Ten Things You Need to Know Today: Wednesday 7 Jun 2017

1. General election 2017: Final day of campaigning

Theresa May and Jeremy Corbyn are making a last-minute push for votes, returning to their core themes as general election campaigning enters its last day. May will tour England promising Brexit will be a success while Corbyn speaks in England, Scotland and Wales, pledging to "save the NHS".

Britain's return to two-party politics

2. May threatens to scrap human rights laws

Theresa May says she will change the Human Rights Act if she feels it is stopping the fight against terrorism. "If our human rights laws get in the way... we will change the law so we can do it," she said last night. Opponents accused her of making up policy on the hoof to win votes as the Tories have pledged to stay in the European Convention on Human Rights.

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Election manifestos 2017: Parties compared on security and terror policies

3. London Bridge attack: Police make new arrest

A 30-year-old man was arrested in Ilford this morning in connection with the London Bridge attack on Saturday, while the third attacker was named yesterday as Youssef Zaghba, a Moroccan-Italian. Elsewhere, a man was arrested this morning in connection with the Manchester Arena bombing. Seven men are now in custody over the incident.

CCTV reveals midnight meeting between London Bridge terrorists

4. Islamic State kill 160 civilians fleeing Mosul

Islamic State fighters have massacred at least 160 civilians, apparently in a single incident, as they tried to flee fighting in the city of Mosul. Drone footage filmed by Iraqi forces shows the bodies of men, women and children lying in the streets. Tens of thousands of civilians are trapped in the western half of the city as fighting continues.

5. Several dead in terror attacks on Iranian sites

At least 12 people have been killed and dozens injured in attacks on the Iranian parliament and Ayatollah Khomeini's mausoleum in the capital, Tehran. Gunmen armed with Kalashnikovs attacked the parliament building and a suicide bomber detonated a device at the mausoleum. So-called Islamic State has claimed it carried out the attacks.

6. Uber fires 20 staff in harassment inquiry

Uber has fired 20 staff and is training others after two investigations into sexual harassment and bullying uncovered 215 complaints. More than 50 allegations remain under investigation. The move comes after a blog post written by former employee Susan Fowler, in which she claimed her manager made sexual advances towards her, went viral.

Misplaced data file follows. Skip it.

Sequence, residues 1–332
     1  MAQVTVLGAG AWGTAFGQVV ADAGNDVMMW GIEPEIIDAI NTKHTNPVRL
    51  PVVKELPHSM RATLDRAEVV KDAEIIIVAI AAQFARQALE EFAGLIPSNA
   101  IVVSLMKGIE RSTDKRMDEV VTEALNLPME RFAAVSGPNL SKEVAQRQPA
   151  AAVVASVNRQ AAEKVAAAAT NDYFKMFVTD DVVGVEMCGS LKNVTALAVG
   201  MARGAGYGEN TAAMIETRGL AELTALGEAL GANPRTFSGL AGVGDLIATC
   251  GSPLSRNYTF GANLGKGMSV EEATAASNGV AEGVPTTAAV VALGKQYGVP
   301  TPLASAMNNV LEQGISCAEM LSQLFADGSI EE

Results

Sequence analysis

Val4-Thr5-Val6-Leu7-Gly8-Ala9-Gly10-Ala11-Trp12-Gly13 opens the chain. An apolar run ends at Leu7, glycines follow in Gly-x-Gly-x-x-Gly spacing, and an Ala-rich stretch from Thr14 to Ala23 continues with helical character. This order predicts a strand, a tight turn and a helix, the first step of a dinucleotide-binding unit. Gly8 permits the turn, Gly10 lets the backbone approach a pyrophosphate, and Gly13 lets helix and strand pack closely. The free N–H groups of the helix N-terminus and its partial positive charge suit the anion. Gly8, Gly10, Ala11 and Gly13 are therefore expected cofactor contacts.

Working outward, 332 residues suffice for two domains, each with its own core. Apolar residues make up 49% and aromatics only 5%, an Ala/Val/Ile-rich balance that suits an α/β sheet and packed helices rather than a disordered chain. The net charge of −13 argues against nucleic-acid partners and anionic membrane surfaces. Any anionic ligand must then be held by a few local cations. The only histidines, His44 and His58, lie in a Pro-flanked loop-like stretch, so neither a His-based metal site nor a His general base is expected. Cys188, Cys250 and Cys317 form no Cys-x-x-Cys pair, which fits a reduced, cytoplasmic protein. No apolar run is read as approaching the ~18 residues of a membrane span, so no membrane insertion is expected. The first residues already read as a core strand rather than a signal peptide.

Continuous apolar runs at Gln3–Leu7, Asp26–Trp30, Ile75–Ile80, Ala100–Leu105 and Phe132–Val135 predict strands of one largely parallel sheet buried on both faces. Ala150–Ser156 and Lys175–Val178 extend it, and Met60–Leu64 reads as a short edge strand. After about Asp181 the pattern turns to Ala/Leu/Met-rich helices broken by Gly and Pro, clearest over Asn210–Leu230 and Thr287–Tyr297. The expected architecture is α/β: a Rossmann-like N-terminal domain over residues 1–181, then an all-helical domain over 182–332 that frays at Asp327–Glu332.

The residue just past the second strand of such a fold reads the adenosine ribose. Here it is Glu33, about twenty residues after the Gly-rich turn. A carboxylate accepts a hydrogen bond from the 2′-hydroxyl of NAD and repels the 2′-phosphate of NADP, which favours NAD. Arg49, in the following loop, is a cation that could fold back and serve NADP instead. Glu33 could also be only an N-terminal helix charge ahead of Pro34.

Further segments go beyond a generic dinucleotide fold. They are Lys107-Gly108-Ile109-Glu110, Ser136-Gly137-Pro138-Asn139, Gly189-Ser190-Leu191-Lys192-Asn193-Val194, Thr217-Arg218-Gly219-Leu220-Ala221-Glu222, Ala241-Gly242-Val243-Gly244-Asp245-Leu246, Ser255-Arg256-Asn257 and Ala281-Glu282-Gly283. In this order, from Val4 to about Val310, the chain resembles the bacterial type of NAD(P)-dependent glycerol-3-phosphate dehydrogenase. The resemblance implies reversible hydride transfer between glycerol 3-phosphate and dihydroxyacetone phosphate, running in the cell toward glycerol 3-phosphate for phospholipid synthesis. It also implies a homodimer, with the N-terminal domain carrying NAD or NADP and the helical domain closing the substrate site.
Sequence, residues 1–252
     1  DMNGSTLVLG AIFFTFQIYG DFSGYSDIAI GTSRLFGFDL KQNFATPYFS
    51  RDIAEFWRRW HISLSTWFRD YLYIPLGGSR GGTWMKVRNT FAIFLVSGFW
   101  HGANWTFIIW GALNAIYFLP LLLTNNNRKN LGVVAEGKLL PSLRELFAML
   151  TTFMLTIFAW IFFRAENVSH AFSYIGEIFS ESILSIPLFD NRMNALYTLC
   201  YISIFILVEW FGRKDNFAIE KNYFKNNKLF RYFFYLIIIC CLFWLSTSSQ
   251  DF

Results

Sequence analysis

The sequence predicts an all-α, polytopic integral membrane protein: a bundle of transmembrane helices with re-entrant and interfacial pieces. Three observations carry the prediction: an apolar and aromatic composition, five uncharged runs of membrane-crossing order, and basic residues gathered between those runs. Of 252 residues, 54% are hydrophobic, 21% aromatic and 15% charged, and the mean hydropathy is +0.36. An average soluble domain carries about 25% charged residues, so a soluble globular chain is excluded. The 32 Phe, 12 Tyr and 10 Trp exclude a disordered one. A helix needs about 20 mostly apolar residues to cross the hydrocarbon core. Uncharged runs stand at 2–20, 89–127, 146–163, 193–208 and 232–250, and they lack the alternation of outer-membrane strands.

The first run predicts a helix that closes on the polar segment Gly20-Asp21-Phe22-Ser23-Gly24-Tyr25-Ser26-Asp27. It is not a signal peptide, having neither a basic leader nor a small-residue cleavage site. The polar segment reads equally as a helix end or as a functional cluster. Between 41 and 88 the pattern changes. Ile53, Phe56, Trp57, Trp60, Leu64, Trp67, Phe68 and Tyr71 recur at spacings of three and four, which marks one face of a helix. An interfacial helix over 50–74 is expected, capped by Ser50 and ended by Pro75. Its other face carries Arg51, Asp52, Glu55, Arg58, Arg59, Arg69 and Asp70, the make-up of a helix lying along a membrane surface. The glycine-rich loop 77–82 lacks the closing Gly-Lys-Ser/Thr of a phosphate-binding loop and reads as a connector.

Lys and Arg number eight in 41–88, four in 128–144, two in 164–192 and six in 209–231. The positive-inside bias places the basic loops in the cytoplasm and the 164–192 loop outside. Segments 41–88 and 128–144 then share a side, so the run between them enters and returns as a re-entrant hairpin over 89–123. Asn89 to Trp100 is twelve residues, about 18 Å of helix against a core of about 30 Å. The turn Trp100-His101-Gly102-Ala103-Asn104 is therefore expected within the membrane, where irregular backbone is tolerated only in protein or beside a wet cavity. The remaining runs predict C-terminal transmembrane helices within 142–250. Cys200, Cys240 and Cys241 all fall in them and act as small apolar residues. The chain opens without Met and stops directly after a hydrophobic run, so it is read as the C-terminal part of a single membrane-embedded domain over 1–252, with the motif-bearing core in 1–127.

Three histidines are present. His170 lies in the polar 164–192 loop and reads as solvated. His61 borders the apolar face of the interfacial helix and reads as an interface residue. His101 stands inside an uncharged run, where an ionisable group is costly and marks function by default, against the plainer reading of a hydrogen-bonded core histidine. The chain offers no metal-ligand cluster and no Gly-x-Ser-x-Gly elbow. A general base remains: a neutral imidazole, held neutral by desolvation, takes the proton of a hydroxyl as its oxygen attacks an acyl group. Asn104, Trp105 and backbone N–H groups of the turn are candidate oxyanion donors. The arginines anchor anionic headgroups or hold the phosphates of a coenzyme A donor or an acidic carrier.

7. Watergate 'less serious than Trump and Russia', says Clapper

Accusations of collusion between Donald Trump's campaign team and Russia are more serious than the Watergate scandal which brought down president Richard Nixon in the 1970s, former US director of national intelligence James Clapper claimed yesterday. Giving a speech to Australia’s National Press Club, he said Trump's firing of FBI boss James Comey was "egregious and inexcusable".

8. Diane Abbott temporarily steps down due to illness

Diane Abbott has temporarily stood down as shadow home secretary due to ill health, Labour leader Jeremy Corbyn announced today. Abbott's colleague Barry Gardiner claimed she had been diagnosed with a long-term medical condition, although the 63-year-old politician said she would "rejoin the fray" soon.

9. Clooneys announce birth of twins

George and Amal Clooney have announced the birth of twins, Ella and Alexander. A statement from the actor's publicist read: "Ella, Alexander and Amal are all healthy, happy and doing fine. George is sedated and should recover in a few days." These are the first children for the Hollywood star and human rights lawyer, who married in 2013.

10. Briefing: Why Gulf states have turned on Qatar

Saudi Arabia, Egypt, Bahrain, the United Arab Emirates, Libya and Yemen have severed diplomatic ties with their neighbour Qatar.

Tensions have been building for years, particularly over Qatar's ties to Islamist groups and to Iran, which is Saudi Arabia's regional rival, says the BBC.

Several analysts have speculated that US President Donald Trump's speech in Riyadh last month, in which he condemned Iran's "reckless pursuit of conflict and terror", may have emboldened Saudi Arabia and its allies to take Qatar to task over its alleged links with Iran.

Israel announces plans to close Al Jazeera offices

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